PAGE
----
After seemingly countless weeks of quarantine, Central Florida has started taking its first tentative steps toward a new abnormal. Unfortunately, any easing of stay-at-home restrictions came too late to save the 29th annual Orlando Fringe festival, at least as artists and patrons have come to know it.
Happily, the “Fringe that almost was” became the “Fringe that still kind of is,” thanks to the ingenuity and endurance of the Orlando Fringe staff, who are in the midst of streaming 14 straight days of free entertainment into supporters’ homes under the virtual banner of “Fringe Today.”
Longtime Fringe fans knew this was not your normal festival straight from the first opening-night welcome speech on May 12 by executive director Alauna Friskics, who acknowledged up front that shifting to a virtual event had been a “crazy ride” as she dispensed with all the sacrosanct Fringe rules: Want to arrive late, talk loudly and take photos during the show, then leave in the middle to grab a snack? No problem, feel free! You don’t even need a button, although they’d be happy to sell you one or 12; visit store.orlandofringe.org for a fundraising memento.
The virtual ribbon cutting that came later that evening, following a filmed performance of WeFlip Entertainment’s Sinister Circus, served as an emblem for the week to come. As expected, there were some technical flubs and general awkwardness associated with trying to digitally connect dozens of participants – including Mayor Dyer and commissioners Sheehan and Stewart – for a socially distant toast and a triptych of scissor-snips. However, a heartfelt ukulele love song to the festival from “Bikini” Katie Thayer briefly connected all our laptop screens into a virtual Loch Haven lawn, triggering a bit of the feeling I usually experience during my annual Fringe homecoming.
- Photo by Ashleigh Gardner, courtesy Orlando Fringe
- 'Tonight at Midnight,' with Rauce Padgett
Going cyber hasn’t been completely smooth sailing for the Fringe. The initial plan to broadcast using Facebook Live was abandoned after a few days. Then some shows were marred by racist “Zoom-bombing” after the online festival shifted to that service.
Despite those technical hurdles, Fringe has been broadcasting for eight or more hours every day, with Kids Fringe programming daily at 3 p.m. and adult events throughout the evening. I’ve watched the majority of it, and although I’m used to seeing a half-dozen or more plays in a day in person, I found marathoning virtual Fringe almost more exhausting that the real thing.
That’s partially due to the highly compressed video and audio produced by the live-streaming services, which quickly becomes fatiguing to watch. That format did no favors to many of the prerecorded performances, whose muffled, muddy videos were probably marginal to begin with.
There were some exceptions to the rule, such as Tymisha Harris’ powerhouse performance as Josephine Baker at the Plaza Live, which was professionally filmed and edited by Chase Padgett (look for 10 other Fringe shows he shot for rent at digitalfringefest.com). But even under the best of circumstances, filmed theater is never as engaging or involving on screen as experiencing it live; while I’m as excited as anyone to watch Hamilton on Disney+ in July, I’m certain I won’t be sitting through all three-plus hours without several breaks.
- Photo by Ashleigh Gardner, courtesy Orlando Fringe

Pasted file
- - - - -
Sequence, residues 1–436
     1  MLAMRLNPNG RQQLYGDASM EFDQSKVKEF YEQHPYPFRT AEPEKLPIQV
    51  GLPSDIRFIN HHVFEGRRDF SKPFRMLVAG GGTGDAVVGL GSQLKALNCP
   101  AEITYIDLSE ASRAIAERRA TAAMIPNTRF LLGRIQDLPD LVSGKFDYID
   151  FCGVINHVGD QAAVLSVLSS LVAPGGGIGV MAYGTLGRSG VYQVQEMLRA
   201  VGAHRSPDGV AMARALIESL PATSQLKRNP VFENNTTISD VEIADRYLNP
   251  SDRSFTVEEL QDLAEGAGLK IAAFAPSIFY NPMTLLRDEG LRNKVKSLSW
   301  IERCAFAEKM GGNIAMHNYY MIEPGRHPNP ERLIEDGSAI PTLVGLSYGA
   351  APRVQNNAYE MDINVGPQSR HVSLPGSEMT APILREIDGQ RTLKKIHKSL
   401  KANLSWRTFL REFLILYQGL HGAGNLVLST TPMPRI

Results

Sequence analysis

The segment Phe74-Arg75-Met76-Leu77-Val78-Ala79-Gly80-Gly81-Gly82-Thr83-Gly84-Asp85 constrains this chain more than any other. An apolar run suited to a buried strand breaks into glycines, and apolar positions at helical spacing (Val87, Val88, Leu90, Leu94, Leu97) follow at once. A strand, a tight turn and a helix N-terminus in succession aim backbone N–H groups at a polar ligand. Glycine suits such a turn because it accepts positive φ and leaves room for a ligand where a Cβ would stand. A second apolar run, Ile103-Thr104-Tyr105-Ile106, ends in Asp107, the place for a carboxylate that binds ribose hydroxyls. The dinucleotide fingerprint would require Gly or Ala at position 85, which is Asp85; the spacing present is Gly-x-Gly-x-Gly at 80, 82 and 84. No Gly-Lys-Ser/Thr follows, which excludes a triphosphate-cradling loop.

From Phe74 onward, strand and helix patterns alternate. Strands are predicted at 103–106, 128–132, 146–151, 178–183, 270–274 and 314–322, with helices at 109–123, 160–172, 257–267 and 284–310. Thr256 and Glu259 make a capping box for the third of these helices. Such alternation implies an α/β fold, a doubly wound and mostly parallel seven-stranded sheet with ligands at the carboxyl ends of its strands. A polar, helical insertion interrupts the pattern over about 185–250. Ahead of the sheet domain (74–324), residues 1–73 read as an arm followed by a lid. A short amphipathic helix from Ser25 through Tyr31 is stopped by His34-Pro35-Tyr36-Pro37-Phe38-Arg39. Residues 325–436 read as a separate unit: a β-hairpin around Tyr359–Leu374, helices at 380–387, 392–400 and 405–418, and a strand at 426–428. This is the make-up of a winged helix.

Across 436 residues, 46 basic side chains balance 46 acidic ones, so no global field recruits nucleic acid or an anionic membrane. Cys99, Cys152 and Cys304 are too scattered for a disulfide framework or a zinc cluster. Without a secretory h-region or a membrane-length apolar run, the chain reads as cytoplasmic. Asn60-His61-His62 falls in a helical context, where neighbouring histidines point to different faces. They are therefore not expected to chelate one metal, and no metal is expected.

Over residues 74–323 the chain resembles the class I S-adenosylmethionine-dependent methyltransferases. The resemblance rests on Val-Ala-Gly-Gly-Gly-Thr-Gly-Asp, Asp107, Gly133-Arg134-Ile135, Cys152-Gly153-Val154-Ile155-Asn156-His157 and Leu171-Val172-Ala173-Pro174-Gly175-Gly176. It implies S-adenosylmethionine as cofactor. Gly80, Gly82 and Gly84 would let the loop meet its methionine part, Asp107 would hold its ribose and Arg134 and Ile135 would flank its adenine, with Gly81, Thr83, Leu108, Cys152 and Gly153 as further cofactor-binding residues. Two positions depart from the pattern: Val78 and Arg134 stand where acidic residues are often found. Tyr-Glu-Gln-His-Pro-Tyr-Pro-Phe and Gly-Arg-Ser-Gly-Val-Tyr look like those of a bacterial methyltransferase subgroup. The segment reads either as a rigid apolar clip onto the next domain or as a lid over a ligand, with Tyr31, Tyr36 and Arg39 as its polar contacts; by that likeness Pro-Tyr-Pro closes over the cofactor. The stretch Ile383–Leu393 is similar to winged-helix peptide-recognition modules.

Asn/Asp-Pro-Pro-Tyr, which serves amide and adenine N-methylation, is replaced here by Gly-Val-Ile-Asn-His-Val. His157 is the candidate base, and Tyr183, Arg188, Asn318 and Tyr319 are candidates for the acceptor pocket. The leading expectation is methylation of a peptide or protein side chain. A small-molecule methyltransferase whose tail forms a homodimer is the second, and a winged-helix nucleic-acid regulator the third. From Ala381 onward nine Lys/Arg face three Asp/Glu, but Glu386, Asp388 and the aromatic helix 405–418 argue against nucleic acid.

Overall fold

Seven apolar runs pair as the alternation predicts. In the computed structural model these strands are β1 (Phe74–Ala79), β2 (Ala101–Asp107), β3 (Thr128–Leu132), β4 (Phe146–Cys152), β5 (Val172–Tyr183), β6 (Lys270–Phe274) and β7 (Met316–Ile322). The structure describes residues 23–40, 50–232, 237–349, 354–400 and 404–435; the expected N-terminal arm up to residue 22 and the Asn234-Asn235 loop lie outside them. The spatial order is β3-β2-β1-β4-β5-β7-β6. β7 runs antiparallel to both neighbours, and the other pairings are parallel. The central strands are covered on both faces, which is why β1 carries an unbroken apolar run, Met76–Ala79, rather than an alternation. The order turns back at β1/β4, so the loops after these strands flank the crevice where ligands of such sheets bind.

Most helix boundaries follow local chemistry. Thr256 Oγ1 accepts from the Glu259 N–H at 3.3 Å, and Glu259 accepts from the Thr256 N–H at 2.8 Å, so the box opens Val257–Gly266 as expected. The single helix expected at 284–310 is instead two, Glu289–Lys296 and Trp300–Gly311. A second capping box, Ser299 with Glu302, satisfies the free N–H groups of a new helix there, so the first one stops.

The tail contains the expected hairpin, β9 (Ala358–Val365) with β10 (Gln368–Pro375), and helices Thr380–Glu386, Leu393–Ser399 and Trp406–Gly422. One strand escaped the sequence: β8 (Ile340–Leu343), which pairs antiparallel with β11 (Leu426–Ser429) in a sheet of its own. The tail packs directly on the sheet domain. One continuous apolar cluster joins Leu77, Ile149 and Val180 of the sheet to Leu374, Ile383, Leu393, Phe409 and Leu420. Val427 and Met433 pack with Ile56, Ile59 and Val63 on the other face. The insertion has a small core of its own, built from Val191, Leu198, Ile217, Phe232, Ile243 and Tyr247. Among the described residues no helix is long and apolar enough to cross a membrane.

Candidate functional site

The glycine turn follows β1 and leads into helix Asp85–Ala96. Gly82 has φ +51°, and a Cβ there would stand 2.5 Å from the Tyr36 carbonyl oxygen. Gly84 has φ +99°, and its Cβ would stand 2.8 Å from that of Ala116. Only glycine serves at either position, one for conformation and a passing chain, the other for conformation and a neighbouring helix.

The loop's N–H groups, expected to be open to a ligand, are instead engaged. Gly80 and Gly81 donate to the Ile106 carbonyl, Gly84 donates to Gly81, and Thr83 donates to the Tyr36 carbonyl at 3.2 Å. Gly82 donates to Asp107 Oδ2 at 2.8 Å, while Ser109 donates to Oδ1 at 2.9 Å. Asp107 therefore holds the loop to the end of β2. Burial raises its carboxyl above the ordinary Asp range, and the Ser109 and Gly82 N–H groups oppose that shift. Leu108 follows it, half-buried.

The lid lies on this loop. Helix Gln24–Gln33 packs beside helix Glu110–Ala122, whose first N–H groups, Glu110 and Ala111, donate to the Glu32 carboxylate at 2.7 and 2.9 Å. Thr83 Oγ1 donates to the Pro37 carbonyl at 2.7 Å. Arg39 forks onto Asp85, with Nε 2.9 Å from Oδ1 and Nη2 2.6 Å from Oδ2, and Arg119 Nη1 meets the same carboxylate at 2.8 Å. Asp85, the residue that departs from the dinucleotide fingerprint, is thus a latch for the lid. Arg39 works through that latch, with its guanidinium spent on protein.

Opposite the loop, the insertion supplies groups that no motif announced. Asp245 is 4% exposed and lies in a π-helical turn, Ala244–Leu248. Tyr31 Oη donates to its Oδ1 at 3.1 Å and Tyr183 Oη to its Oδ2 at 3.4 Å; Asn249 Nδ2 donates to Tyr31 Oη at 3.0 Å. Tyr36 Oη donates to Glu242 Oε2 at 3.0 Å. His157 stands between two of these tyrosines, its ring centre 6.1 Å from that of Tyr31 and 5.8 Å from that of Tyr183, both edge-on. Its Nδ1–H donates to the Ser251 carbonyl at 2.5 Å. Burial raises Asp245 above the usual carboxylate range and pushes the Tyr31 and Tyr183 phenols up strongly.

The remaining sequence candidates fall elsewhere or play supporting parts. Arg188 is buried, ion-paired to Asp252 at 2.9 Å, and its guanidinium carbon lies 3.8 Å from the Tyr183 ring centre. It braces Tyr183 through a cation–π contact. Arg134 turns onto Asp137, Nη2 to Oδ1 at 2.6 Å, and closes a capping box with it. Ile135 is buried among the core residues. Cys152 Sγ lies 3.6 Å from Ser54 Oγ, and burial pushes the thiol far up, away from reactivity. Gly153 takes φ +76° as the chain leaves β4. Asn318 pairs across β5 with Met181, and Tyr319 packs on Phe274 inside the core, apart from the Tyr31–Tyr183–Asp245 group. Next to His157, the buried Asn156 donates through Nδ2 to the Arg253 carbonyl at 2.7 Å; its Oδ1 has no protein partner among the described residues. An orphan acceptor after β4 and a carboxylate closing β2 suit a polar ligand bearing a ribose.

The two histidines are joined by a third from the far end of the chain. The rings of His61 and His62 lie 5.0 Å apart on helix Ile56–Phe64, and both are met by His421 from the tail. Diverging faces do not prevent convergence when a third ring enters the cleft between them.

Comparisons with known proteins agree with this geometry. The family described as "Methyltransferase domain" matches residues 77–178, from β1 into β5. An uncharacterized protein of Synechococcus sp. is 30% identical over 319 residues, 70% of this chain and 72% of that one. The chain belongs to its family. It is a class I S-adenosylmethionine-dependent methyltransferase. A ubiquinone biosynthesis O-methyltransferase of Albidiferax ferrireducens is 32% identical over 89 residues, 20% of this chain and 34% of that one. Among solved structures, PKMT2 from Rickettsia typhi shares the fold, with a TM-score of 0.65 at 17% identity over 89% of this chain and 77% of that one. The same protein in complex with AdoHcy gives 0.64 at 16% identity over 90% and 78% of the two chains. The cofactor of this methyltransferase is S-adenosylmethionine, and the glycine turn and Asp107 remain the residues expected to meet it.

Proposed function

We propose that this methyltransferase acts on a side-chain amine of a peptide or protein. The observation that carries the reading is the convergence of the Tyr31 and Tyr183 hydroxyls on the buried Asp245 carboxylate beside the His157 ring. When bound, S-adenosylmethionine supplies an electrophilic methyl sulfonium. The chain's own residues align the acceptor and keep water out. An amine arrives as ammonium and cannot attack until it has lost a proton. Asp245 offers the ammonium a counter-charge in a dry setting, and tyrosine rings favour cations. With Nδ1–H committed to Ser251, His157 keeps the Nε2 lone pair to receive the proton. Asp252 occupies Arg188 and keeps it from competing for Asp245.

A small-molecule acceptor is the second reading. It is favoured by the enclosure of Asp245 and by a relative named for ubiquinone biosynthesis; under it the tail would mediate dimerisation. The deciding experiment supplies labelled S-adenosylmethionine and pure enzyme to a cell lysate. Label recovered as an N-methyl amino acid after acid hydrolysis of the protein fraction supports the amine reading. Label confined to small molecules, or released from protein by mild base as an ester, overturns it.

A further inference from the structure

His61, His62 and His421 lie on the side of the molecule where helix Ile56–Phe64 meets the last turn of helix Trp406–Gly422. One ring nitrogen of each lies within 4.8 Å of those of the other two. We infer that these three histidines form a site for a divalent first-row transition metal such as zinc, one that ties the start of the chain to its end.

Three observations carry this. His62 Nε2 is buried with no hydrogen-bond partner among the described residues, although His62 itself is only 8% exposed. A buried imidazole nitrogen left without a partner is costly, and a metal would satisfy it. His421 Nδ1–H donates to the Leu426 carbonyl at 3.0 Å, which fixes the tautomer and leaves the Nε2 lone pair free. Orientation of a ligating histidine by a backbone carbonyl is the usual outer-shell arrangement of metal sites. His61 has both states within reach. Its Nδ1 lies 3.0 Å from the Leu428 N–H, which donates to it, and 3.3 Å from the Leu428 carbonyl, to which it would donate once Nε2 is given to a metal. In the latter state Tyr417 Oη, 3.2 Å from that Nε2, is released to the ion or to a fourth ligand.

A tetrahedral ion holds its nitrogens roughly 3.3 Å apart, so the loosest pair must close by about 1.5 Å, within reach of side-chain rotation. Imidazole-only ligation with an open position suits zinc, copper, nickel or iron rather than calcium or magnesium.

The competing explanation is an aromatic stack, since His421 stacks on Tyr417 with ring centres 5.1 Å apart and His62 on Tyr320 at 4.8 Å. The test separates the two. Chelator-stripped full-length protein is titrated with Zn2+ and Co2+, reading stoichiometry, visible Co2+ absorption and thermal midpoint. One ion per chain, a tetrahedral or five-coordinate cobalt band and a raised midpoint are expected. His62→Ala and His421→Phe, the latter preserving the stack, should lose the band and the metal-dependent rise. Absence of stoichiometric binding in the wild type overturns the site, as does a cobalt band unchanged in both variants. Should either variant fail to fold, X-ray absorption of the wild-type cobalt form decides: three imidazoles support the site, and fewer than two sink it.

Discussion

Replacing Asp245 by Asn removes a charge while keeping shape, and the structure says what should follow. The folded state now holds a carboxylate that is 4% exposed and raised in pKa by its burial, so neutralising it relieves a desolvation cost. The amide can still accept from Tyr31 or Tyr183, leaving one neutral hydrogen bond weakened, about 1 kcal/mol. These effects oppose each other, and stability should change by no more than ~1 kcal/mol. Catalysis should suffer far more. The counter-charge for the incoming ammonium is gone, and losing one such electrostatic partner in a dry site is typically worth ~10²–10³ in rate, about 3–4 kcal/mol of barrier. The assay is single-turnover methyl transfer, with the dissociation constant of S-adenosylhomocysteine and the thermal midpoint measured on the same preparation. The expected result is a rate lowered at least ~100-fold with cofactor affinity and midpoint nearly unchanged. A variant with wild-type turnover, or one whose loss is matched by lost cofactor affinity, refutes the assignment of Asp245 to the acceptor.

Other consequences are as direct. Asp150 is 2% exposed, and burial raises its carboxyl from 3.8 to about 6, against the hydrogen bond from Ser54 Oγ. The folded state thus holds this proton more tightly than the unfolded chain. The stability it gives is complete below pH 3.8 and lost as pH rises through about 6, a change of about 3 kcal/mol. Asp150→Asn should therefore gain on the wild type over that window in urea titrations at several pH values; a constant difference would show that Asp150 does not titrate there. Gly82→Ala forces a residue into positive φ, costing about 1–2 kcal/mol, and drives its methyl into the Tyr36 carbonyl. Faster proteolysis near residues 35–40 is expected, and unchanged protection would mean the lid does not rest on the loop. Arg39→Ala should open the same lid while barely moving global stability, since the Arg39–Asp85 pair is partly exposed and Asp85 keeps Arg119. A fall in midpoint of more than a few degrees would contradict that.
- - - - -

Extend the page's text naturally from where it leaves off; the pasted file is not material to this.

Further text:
- 'Trombone Magic,' by Elias Faingersh
My favorite part of the Fringe Today programming so far has been not the replays of Fringe shows past, but the artists creating here in the pandemic present. A prime example was D.K. Reinemer’s “Improvised Puppet Adventure,” a hilariously bizarre hour of lighting-speed skits based on viewers’ texted suggestions and performed by a cast of ping-pong balls with egg-carton bodies. Elias Faingersh blared the trombone blasts and barbaric yawps of his award-winning musical improvisations all the way from Sweden at midnight (to the chagrin of his sleeping neighbors); singers from Cesar de la Rosa to Mr. Richard to Willi Carlisle have shared their songs; and Rauce Padgett even managed to pull together a bleary-eyed quarantine edition of his midnight talk show, with the help of his pantsless co-host Joel Warren. And I’d be remiss not to mention the first week’s unquestioned highlight: a live conversation between myself and Orlando Sentinel critic Matt Palm, in which we compared quarantine coifs and played “who wrote that?” with old reviews. (Hint: If there’s a complex compound sentence with unnecessary alliteration, it’s mine.)
Although all the Fringe Today programming is free – with Venmo or CashApp tips for the artists strongly suggested – there are some worthwhile paid shows you can find links to at thelawn.orlandofringe.org. One virtual ride I can vouch for is the online edition of “PeeVira’s Scareavan Singalong,” which has performances remaining on May 22 and May 29. For $10, participants get invited to a Zoom call where they sing along with PeeVira – aka Dr. Annie Furter – to a half-hour of familiar Broadway tunes. The show, which virtually re-creates the Festival’s frequently sold-out vehicular venue right down to the digital “driver,” is bookended by clever coronavirus parodies of “Science Fiction Double Feature” and its reprise, recast as the “Late Night Conference Calling Drag Queen Show.” Since you are encouraged to mute your microphone (in cyberspace, nobody needs to hear me sing) and you don’t have to squeeze into the cramped back of a van with strangers, PeeVira’s singalong was the rare performance that I enjoyed even more online than in real life.
Fringe Today continues through May 25; visit orlandofringe.org/fringetoday or facebook.com/orlandofringe for details.
– This story appears in the May 20, 2020, print issue of Orlando Weekly. Stay on top of Central Florida news and views with our weekly newsletters.